A buzzer sounded from the ceiling, matched by a spinning amber warning light. The bulb flickered as if reminding him to replace it, a task he’d put off many times. Months without a successful mission meant necessities slipped by the wayside. Sorry, old girl, he thought. You deserve better.

Hydraulics below the floor whirred to life, and he stepped back from the ramp as it began to rotate down.

Rainwater from the earlier storm, whipped up by residual thrust from the Melville’s dwindling engines, sprayed in through the opening and lashed across Skyler’s face. He squinted as he wiped the water away with his sleeve.

As the ramp lowered, the sprawling compound of Nightcliff came into view. To Skyler’s left, the Elevator tower rose more than two hundred meters toward a dark purple sky. On any other night a string of climber car beacons would mark the actual Elevator cord, like a vertical strand of holiday lights stretching all the way to space.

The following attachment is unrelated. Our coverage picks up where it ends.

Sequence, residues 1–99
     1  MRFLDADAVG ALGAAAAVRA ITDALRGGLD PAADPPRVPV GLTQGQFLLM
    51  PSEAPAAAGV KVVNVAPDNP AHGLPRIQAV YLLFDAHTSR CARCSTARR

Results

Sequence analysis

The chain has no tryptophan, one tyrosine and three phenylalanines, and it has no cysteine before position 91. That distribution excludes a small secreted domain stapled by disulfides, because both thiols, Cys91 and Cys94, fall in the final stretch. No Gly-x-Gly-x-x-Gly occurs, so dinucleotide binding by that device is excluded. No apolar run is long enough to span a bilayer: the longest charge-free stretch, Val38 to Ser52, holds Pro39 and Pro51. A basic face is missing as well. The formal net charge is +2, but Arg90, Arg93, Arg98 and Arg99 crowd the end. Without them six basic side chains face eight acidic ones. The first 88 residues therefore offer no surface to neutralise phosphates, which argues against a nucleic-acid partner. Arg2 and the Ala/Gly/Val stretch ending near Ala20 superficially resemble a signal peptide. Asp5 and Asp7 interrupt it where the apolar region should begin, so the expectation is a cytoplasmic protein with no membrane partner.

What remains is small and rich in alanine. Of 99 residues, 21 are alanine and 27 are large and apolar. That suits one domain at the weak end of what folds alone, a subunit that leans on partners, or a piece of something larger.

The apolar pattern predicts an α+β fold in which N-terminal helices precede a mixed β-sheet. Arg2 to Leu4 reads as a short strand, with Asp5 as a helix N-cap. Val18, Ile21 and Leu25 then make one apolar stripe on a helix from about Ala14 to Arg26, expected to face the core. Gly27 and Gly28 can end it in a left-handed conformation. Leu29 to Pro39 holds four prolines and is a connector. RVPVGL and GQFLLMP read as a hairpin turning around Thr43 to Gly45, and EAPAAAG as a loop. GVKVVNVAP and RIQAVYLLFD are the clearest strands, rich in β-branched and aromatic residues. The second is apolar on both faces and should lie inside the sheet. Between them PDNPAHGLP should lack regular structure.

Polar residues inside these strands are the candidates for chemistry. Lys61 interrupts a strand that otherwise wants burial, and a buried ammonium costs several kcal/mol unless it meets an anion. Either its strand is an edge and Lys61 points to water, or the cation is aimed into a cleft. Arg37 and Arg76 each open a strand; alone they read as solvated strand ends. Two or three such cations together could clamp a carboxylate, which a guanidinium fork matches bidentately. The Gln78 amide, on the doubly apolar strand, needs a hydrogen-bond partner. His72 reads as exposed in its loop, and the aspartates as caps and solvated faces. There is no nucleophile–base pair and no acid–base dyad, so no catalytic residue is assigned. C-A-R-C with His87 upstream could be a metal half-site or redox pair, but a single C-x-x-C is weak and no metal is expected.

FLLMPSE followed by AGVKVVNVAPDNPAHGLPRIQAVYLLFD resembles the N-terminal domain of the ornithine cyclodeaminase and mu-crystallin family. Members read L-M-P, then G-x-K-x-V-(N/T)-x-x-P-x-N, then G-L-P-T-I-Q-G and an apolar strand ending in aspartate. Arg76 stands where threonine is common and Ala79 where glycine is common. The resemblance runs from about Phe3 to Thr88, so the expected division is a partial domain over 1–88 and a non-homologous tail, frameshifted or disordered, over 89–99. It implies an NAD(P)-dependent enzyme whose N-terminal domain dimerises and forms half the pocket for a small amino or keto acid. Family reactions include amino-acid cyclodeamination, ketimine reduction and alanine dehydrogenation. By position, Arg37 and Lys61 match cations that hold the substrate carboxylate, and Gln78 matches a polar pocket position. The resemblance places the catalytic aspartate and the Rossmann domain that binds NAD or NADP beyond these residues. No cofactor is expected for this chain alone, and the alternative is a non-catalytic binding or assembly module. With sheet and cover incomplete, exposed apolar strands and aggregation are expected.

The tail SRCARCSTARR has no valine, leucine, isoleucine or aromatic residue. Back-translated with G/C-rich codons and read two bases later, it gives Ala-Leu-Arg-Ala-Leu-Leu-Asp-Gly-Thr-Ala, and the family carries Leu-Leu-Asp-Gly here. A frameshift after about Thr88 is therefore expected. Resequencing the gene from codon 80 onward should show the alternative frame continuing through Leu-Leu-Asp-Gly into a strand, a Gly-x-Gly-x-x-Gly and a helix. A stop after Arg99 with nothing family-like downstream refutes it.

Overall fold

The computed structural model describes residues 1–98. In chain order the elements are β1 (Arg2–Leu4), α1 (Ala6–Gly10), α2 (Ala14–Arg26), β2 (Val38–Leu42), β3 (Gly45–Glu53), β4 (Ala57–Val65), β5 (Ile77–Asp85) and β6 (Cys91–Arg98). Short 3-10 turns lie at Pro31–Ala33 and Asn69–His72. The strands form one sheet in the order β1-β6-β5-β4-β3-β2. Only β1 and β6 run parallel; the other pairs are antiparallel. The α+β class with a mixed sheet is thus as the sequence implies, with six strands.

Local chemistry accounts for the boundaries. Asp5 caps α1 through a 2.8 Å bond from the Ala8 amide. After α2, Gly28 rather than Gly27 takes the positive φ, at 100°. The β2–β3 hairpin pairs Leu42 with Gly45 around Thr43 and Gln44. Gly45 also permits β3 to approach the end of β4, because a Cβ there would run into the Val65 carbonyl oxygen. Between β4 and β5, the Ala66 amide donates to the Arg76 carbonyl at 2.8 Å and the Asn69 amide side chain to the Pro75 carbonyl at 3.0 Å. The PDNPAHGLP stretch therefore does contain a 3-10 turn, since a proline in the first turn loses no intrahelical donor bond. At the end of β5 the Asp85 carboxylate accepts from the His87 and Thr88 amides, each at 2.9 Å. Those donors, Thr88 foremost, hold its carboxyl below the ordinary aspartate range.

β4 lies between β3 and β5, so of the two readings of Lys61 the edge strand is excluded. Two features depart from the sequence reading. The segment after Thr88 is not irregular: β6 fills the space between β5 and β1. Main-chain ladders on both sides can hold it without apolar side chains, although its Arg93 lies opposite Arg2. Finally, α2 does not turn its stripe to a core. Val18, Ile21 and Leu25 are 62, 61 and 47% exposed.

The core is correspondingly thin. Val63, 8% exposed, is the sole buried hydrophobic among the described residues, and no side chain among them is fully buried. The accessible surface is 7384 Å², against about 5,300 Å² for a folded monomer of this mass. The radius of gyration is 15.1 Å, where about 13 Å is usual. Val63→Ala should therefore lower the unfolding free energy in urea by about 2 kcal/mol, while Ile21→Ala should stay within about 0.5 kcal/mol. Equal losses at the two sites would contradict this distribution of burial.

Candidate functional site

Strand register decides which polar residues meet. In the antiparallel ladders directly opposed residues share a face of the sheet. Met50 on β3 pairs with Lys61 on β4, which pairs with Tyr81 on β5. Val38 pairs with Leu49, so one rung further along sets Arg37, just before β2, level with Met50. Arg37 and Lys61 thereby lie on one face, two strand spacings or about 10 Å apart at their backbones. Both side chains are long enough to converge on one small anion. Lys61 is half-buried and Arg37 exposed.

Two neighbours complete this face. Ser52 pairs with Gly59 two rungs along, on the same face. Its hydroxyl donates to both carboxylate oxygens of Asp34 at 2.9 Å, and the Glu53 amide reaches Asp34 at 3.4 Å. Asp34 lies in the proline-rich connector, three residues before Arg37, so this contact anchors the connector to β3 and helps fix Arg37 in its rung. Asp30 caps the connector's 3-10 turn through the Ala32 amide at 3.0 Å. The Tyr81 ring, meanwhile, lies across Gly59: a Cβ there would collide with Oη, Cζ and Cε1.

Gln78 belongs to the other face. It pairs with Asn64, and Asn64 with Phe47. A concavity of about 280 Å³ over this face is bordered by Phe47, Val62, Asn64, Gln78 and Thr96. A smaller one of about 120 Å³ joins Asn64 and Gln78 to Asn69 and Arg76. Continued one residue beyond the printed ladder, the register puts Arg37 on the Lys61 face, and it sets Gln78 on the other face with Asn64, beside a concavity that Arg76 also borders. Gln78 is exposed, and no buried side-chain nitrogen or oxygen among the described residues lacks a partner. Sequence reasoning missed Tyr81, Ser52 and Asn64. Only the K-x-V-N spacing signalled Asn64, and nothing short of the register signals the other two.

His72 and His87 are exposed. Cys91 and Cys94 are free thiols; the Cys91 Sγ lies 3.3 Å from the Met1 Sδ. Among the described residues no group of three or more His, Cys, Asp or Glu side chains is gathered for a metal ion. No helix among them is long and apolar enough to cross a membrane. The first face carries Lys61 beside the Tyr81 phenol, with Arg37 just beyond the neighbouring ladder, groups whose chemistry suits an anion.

But not tonight. With the climbers dark, the thin strand was all but invisible.

Skyler wondered if the stalled cars alone had driven the crowd outside to violence. Perhaps something had led to the shutdown. A spat with the Orbital Council, or striking water haulers. Rumors like that would spread like fire. The whiff of trouble, of a serious change to their already bleak situation, might spur such a desperate, violent action.

A group of tall buildings clustered around the base of the tower, obscuring from view the crater left behind when the cord punctured the earth. Climber vehicles were loaded and queued within the structures, behind massive rolling doors. A series of cranes, each more than fifty meters tall, ringed the area. Here cargo containers were attached to, or detached from, the climbers. Skyler noted an empty climber dangling from one crane. The spiderlike vehicles consisted of a central shaft that housed electric motors, inversion plates, and billions of tiny arms that gripped the incredibly thin cord. Attached to the top and bottom of the shaft were eight scaffold arms where cargo could be attached. A stack of the long steel boxes waited on the asphalt, idle workers huddled nearby.